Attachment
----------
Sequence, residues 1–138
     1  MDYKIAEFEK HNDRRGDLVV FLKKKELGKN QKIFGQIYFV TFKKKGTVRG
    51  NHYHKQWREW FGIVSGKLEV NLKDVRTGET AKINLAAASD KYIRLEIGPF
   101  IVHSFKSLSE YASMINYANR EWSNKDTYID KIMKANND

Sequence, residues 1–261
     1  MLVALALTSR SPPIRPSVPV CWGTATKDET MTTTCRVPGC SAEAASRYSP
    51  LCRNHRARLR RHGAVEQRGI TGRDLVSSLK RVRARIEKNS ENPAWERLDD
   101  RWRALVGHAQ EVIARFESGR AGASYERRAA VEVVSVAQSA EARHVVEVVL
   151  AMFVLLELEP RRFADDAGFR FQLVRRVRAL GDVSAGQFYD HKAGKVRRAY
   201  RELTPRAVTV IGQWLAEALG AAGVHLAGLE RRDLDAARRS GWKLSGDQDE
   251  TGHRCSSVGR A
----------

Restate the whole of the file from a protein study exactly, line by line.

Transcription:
Sequence, residues 1–138
     1  MDYKIAEFEK HNDRRGDLVV FLKKKELGKN QKIFGQIYFV TFKKKGTVRG
    51  NHYHKQWREW FGIVSGKLEV NLKDVRTGET AKINLAAASD KYIRLEIGPF
   101  IVHSFKSLSE YASMINYANR EWSNKDTYID KIMKANND

Sequence, residues 1–261
     1  MLVALALTSR SPPIRPSVPV CWGTATKDET MTTTCRVPGC SAEAASRYSP
    51  LCRNHRARLR RHGAVEQRGI TGRDLVSSLK RVRARIEKNS ENPAWERLDD
   101  RWRALVGHAQ EVIARFESGR AGASYERRAA VEVVSVAQSA EARHVVEVVL
   151  AMFVLLELEP RRFADDAGFR FQLVRRVRAL GDVSAGQFYD HKAGKVRRAY
   201  RELTPRAVTV IGQWLAEALG AAGVHLAGLE RRDLDAARRS GWKLSGDQDE
   251  TGHRCSSVGR A